Here is a letter that went out by email during the university’s latest fundraiser, and notes on the appeals used. These techniques are applicable to any non-profit donor cultivation/stewardship strategy.
<dynamic photo creates emotion/excitement>
The UNCG community is incredible! We are so proud of our alumni. This has truly been a 48-hour celebration of Spartan love! <WE are wonderful!>
We have now achieved four of the five challenges. Because of you, UNCG has now received: <YOU are wonderful!>
-A $10,000 challenge gift from Jennifer Smith Hooks, ’76 because we gained 100 donors by 7 p.m.
-A $1,500 challenge gift from Nick Rau, ’04 because 100 GOLD alumni made a gift.
-A $3,000 challenge gift because the #BelieveInTheG video was shared 100 times.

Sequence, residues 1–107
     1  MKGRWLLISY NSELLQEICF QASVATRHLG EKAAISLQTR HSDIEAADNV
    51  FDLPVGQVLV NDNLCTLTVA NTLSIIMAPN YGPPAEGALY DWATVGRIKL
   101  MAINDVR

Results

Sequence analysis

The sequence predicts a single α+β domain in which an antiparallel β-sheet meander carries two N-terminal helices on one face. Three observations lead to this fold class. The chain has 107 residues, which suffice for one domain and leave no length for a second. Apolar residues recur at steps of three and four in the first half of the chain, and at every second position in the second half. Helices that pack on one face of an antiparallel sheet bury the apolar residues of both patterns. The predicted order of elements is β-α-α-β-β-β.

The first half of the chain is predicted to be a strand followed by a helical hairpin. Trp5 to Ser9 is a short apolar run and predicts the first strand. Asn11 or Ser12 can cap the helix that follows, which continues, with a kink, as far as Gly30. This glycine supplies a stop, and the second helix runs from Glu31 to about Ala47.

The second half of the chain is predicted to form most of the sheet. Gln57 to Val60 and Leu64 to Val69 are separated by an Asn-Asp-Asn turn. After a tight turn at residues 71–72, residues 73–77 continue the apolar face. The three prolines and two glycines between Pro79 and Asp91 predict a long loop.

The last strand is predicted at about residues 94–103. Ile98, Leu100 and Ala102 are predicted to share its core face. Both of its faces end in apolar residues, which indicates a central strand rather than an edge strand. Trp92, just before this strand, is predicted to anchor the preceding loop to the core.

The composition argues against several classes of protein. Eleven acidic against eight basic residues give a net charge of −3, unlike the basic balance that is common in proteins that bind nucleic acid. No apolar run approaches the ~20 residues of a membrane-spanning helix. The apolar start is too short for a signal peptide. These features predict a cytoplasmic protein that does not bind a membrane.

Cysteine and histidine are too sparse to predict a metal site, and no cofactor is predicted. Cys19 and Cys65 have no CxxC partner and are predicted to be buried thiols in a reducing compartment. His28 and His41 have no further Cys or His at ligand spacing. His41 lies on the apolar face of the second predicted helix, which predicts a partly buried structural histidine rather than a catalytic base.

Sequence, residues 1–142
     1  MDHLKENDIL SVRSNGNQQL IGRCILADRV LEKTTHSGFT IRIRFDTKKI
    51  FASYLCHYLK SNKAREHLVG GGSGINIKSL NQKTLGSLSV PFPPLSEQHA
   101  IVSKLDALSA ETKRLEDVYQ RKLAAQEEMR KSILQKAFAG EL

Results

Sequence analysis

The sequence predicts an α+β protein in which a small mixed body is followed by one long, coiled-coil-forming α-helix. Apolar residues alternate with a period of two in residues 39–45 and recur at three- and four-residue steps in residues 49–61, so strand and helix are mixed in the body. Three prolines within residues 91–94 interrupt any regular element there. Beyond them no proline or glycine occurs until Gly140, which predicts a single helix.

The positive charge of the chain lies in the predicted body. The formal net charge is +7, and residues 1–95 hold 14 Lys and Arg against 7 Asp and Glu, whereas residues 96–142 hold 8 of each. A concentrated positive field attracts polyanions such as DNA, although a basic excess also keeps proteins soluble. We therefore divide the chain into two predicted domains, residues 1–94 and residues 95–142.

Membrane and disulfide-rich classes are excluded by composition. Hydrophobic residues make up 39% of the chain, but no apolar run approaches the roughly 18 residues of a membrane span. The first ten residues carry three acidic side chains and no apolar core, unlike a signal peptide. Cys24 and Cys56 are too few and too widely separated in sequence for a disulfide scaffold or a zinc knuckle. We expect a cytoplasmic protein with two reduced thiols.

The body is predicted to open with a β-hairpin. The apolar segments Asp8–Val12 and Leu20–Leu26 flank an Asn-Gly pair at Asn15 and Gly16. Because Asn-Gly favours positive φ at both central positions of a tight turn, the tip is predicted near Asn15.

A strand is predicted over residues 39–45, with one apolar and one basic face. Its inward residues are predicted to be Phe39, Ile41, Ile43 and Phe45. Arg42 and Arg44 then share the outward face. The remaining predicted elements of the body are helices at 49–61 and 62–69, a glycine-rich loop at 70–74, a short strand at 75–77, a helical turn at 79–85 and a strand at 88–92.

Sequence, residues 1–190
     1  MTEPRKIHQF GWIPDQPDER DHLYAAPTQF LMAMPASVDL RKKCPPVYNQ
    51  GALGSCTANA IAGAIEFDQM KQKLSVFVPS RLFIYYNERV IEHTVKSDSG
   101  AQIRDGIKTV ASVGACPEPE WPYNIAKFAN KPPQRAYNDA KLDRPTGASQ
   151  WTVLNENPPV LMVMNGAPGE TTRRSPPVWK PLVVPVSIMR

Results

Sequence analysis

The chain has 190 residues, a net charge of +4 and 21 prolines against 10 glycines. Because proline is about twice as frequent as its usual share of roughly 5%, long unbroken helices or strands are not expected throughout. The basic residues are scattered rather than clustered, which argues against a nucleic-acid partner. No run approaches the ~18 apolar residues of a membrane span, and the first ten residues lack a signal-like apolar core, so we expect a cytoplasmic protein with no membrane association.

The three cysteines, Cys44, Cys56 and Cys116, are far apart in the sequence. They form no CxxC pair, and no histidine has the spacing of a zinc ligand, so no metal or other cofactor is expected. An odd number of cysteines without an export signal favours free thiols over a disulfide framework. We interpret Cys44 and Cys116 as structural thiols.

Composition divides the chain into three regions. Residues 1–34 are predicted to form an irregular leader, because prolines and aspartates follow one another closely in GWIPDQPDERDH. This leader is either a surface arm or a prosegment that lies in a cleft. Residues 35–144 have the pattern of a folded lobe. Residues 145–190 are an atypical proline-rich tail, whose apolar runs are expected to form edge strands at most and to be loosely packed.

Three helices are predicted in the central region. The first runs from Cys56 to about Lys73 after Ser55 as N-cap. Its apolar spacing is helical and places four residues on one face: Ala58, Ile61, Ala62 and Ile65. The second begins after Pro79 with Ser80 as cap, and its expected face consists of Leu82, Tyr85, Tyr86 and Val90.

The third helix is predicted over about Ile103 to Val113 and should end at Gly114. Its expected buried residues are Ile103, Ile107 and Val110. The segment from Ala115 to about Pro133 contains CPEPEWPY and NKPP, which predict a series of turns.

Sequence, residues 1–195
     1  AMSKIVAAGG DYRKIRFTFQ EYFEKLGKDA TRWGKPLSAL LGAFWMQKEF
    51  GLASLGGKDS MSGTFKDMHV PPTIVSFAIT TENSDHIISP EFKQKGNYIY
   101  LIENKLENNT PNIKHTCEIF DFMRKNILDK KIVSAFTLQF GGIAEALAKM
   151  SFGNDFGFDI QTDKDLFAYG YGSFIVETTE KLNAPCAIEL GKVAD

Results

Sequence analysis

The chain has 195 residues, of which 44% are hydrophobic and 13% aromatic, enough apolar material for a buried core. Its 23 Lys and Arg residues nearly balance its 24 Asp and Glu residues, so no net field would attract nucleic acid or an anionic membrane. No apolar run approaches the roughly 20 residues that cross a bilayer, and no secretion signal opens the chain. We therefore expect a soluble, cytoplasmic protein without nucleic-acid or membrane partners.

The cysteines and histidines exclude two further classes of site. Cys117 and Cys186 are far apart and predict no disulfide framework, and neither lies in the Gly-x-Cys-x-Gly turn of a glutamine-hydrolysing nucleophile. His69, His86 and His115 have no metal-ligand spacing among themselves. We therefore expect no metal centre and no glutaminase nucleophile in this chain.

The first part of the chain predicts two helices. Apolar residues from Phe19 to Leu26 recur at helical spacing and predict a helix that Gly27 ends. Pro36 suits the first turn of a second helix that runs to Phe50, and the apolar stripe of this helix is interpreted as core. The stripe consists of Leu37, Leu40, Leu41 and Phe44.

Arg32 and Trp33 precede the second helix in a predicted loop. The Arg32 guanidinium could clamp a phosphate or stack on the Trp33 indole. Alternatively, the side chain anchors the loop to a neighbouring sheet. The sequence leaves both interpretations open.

-And a $2,000 challenge gift because the #BelieveInTheG hashtag was shared 300 times.<Not possible without you. Direct benefit of contribution. Strokes ego.>
We only need 50 more donors to make a gift before midnight in order for UNCG to receive the grand total challenge pool of $85,000. Please make your gift now and be one of the 50 alumni who will help UNCG in these final hours. <Creates urgency>
When you #BelieveInTheG, thousands of students achieve their dreams. Make your gift of any amount now before midnight. <Implies if you DON’T give you will be crushing dreams>
With Spartan pride,
Sarah Kathryn Coley
Associate Director of Alumni Engagement
<Puts a face to the appeal. Choose someone your donor base can relate to. In this case, the campaign was launched through social media to attract younger alumni, so a fresh, young, smiling face was a good choice. Even though your development team is in charge of the campaign, it’s usually a bad idea for the appeal to come from them. It can come from someone in Education or Exhibits, or directly from the Executive Director or a board member. You can even ask one of your members to sign the letter, as a direct appeal from one member to another.>